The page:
Review: ‘WRONG TURN’ is an incredibly smart reboot you won’t see coming.

WRONG TURN

SYNOPSIS: Backwoods terror and never-jangling suspense meet when Jen (Charlotte Vega) and a group of friends set out to hike the Appalachian Trail. Despite warnings to stick to the trail, the hikers stray off course—and cross into land inhabited by The Foundation, a hidden community of mountain dwellers who use deadly means to protect their way of life. Suddenly under siege, Jen and her friends seem headed to the point of no return— unless Jen’s father (Golden Globe® nominee Matthew Modine) can reach them in time.

The reboot (and the seventh installment of the franchise) of Wrong Turn starts with another group of successful 20 somethings hiking the Appalachian Trail. When the local Virginians get aggravated by their presence, and they veer from the trail, things get deadly but not for the reasons you think. This script is completely different than the original, which is the greatest bait and switch from the clever set-up in the beginning. That’s the difference between a remake and a reboot. This cast is diverse and cool. They get to take their initial instigators to task, at least verbally. All the tropes are there but they’re used smartly. The first kill is so brutal you’ll both gasp and respect the decision to go all-in so early. From that moment on, the violence and gore are used for shock value that is carefully intentional in forwarding the plot.

Matthew Modine plays Jennifer’s father who comes searching for her 6 weeks after she goes missing. He is great. He walks this fantastic balance between modern man and totally self-sufficient badass that just feels incredibly believable. This is the updated father figure that will resonate with a large genre audience. It’s yet another successful aspect of screenwriter Alan B. McElroy’s reboot of the franchise. Bill Sage is a nice familiar face. He always lives in whatever role he tackles. This is no exception. Even with a runtime of one hour and fifty minutes, I would have been pleased to see more of him on screen. Charlotte Vega as Jen is outstanding. She has a genuine presence that grows stronger with each scene. There is an unexplainable accessibility to her character. Hollywood should continue to take note of this talent. Also, audiences should keep an ear open for Modine’s daughter Ruby as she sings the film’s final song. Stunning performance.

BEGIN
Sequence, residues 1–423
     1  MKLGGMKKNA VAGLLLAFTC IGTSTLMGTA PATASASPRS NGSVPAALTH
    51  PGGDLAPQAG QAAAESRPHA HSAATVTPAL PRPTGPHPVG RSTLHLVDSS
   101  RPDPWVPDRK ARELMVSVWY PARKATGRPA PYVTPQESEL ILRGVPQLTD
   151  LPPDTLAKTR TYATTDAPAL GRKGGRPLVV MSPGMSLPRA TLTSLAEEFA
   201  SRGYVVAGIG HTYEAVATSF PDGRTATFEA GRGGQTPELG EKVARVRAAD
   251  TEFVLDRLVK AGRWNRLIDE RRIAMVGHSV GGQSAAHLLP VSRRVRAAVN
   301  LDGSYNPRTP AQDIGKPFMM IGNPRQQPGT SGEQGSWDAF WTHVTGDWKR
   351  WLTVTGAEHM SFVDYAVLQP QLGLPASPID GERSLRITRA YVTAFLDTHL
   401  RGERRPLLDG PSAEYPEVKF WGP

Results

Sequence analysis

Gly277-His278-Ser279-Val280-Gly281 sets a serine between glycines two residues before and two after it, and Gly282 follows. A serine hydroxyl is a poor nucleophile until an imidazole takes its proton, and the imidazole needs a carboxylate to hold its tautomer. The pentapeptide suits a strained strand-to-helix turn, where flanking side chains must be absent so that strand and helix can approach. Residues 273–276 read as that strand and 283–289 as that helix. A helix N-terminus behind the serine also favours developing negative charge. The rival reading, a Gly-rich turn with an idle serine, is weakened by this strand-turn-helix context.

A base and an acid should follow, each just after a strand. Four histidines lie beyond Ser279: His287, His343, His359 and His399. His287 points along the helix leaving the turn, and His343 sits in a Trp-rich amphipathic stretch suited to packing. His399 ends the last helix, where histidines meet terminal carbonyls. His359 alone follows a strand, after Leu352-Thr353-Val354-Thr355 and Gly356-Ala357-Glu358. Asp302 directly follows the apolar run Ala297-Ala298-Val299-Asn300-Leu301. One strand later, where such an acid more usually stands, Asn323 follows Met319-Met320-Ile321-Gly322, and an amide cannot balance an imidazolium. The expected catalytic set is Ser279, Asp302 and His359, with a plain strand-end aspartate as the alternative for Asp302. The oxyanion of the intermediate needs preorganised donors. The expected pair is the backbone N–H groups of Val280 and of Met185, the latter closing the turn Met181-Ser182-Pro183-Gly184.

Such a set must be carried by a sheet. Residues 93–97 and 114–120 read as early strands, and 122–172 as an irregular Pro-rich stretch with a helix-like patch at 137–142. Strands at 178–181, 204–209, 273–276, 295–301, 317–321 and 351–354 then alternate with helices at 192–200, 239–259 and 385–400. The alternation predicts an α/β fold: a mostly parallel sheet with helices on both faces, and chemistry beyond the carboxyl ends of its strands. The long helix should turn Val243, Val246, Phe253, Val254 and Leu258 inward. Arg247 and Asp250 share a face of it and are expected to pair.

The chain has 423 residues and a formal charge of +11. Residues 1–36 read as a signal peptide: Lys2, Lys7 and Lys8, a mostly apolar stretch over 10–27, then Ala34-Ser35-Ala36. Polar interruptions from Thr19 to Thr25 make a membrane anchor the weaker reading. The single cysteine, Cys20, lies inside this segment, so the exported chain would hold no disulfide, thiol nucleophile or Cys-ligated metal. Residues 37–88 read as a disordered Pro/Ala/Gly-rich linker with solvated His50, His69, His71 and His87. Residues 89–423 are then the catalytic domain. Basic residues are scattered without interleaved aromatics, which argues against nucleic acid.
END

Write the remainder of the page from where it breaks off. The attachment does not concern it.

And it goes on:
The score is classic staccato string work. Combined with the handheld camerawork and quick-cut editing, the terror is firmly in high gear. This is a totally fresh take of new world versus the old. The complexity of the script will throw you off-kilter. It challenges the viewers’ sense of morality. Who are the true villains? It’s about intrusion and disrespect of cultural differences on a multitude of levels. It’s quite brilliant in a time a faux “wokeness”. The nuance will knock you off your feet. You will not know where this plot is going. It’s twist after twist. That. Ending. Pure perfection.

Saban Films will release the horror film On-Demand, Digital, Blu-ray, and DVD on February 23, 2021. 

THEATRICAL RELEASE: January 26, 2021

ON DEMAND, DIGITAL, DVD, and BLU-RAY: February 23, 2021

DIRECTOR: Mike P. Nelson

WRITER: Alan B. McElroy

CAST: Charlotte Vega, Adain Bradley, Bill Sage, Emma Dumont, Dylan McTee, Daisy Head, Tim DeZarn, and Matthew Modine.

RUN TIME: 109 minutes

RATING: R for strong bloody violence, grisly images, and pervasive language.

GENRE: Horror

DISTRIBUTOR:  Saban Films

About Liz Whittemore

Liz grew up in northern Connecticut and was memorizing movie dialogue from Shirley Temple to A Nightmare on Elm Street at a very early age. She will watch just about any film all the way through (no matter how bad) just to prove a point. A loyal New Englander, a lover of Hollywood, and true inhabitant of The Big Apple.